I’m tired on a much deeper level than the physical, and there’s still November to get through. While talking with a friend last night I realized I don’t even want to hope, because it hurts so badly when hope is ripped away and stamped on. I knew there were cruel, awful people in the world–I was raised by some of them–but I had no idea there were so many, or that others were on the fence and would be emboldened by open fascism.

It’s somewhat of a shock to look at my earlier self and think that the lady was indeed a sweet optimistic summer child. It strikes right at the root of who I thought I was; I thought well, I’ve survived hell more than once, not much else can disturb me.

I hate being wrong about things like that.

But there’s still coffee, and I still have to walk the dogs. And once I’ve walked them, I’m already in my running clothes so I might as well run, and once I do that I might as well have lunch. I’ve set up my life to force myself into at least the minimum of daily self-care. It’s just little things, like setting out my running clothes before I go to bed and keeping a calorie counter so I have to eat or get a notification–and gods help me, I hate phone notifications and will do almost anything to avoid them.

If I am very, very good and get the self-care done, I will be allowed to crawl into a story and forget, for a few hours, the crushing burden of living in a world populated by far many more cruel people than even I ever believed possible. And if I am superlative I may even reward myself with some of the alien romance, or the occult detective story I am absolutely not playing hooky with, no ma’am, perish the thought.

Maybe I’ll even pause in front of the beehive and whisper a thank you to the tiny dancing creatures. At least they–and the dogs–aren’t cruel.

What’s giving you joy today, my beloveds? Or if not joy, what’s giving you the strength to carry on? Drop it in the comments; strength is bolstered when it’s shared, and I could do with a little reinforcement. I think we all could.

Out of Season

Sunday chores mean my desk is somewhat better organized–not too organized, since a little bit of mess allows room for creativity to sneak in. Or maybe too-neat just stresses me out of any kind of proper work mindframe. Six of one, half a dozen of the other.

The weather is turning, so there’s some sniffles and sneezes in the house. Every time one of us reaches for the tissues I tense up, wondering if it’s the plague, if it’s the moment I have to start making awful decisions.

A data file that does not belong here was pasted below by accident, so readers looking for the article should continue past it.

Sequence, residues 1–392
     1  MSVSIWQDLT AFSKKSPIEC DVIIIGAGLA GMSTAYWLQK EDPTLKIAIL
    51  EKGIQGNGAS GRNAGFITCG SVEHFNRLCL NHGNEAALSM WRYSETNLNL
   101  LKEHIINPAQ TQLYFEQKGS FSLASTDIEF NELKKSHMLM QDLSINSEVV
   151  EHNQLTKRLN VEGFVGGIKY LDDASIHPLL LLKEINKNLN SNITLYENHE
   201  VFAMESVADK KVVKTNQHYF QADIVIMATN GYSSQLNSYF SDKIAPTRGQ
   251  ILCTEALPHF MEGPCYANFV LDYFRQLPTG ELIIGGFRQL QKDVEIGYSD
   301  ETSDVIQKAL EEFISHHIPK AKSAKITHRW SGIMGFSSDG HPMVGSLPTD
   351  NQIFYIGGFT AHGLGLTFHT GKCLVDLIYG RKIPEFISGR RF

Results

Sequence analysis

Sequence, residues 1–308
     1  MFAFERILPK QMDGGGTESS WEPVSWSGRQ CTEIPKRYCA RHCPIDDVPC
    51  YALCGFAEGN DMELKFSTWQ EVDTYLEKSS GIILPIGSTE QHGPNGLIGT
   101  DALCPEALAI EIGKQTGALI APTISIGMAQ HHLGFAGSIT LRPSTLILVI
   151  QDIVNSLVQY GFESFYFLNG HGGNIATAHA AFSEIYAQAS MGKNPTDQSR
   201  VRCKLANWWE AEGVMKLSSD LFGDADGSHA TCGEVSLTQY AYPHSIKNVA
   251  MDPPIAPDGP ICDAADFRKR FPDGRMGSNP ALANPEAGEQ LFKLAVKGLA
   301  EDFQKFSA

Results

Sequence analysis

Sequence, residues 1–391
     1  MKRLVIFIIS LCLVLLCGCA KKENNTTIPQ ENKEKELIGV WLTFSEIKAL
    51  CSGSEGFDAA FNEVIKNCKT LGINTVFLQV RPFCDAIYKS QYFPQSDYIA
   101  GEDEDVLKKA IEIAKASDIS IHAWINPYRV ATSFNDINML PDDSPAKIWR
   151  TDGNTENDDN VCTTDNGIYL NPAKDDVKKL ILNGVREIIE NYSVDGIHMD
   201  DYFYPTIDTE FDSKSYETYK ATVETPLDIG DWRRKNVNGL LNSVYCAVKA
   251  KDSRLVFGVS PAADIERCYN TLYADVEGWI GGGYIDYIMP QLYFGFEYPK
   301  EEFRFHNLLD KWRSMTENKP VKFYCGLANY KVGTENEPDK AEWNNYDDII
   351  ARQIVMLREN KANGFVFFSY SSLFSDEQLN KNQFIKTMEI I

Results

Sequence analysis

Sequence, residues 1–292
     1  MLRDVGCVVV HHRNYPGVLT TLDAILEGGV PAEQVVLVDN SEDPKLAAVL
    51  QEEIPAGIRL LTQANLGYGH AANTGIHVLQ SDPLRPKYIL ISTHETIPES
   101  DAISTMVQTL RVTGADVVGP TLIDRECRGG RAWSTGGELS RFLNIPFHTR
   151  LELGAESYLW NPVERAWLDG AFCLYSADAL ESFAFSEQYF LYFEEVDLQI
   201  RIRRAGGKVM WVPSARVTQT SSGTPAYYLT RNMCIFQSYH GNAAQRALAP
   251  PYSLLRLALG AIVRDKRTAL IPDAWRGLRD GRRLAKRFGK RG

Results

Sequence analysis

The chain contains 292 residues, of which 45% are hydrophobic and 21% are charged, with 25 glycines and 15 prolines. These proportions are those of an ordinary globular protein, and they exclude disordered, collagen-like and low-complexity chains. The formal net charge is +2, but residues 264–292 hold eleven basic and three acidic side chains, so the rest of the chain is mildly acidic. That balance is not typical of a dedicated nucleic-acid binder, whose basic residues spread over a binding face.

Fortunately, it seems to be nothing more than the usual postnasal drip that happens along every time our damp autumn wanders in and settles down to. But still, my nerves twitch all sideways when I hear a sneeze. We’re still enduring lockdown and masking up whenever forced to leave the house, except for during outside exercise. When the rains start there will be nobody on the sidewalk to infect, either; I won’t have to hop out into the road when a middle-aged white man decides he’s going to take up the entire bloody walk with his waddling self.

The zero draft of The Bloody Throne, full of holes and bracket notes, is set aside to marinate–generally one of the hardest times to endure during project, since it’s still smarting and itching like a fresh scab. I have revisions on Damage and Moon’s Knight to distract myself with and get out the door, as well as continuing work on HOOD‘s Season Three and The Black God’s Heart. I forced myself to only write on things that do not resemble work over the weekend, which means there’s 8k of text I’ll probably never use–a mismatched pair of occult detectives who talk like an old BBC serial is great fun, but I don’t think it’s publishable, you know? Still, it was therapeutic, and bits of it might be used elsewhere, who knows?

The coffee tastes particularly fine this morning. I long for caffeine to soak in and finally give me a spark or two. Taking three days off should be enough to recover from an epic fantasy, right? I should be right as rain now.

Except I have the sneaking suspicion I’m not, and it’ll hit me in the middle of revisions. Normally it takes three times as long as one thinks to truly recover form the end of a project; unfortunately, nothing about the time is normal. It’s all out of whack, if not completely out of joint.

At least there’s no time to be lonely when I can sink into characters. Not that I ever feel lonely anyway; there’s generally so much to do and see and think about. I did have Midsommar flower-crown dreams, so maybe it’s time for me to poke at that one story with the wolves, the snow, and the flowers out of season. That sounds a lovely way to procrastinate, doesn’t it?